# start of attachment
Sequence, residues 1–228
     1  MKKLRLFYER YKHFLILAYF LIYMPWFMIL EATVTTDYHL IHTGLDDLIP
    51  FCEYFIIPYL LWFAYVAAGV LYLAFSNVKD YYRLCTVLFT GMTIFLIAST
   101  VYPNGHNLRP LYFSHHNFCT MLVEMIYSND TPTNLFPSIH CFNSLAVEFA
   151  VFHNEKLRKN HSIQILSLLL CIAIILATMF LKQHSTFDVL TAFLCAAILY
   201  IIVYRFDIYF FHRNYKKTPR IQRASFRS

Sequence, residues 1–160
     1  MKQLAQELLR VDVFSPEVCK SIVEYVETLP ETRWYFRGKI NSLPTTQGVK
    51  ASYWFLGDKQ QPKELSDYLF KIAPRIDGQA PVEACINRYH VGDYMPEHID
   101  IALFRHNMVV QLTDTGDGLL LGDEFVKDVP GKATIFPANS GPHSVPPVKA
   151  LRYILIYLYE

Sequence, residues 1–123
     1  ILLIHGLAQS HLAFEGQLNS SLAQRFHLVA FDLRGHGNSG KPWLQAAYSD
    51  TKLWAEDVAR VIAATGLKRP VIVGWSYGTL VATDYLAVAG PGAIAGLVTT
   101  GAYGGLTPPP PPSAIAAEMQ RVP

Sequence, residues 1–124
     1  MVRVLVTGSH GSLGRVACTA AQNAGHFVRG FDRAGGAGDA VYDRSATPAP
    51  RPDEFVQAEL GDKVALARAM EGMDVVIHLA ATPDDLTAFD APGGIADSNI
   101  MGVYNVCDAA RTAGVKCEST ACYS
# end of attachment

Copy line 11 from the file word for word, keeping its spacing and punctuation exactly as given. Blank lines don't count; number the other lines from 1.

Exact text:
   151  LRYILIYLYE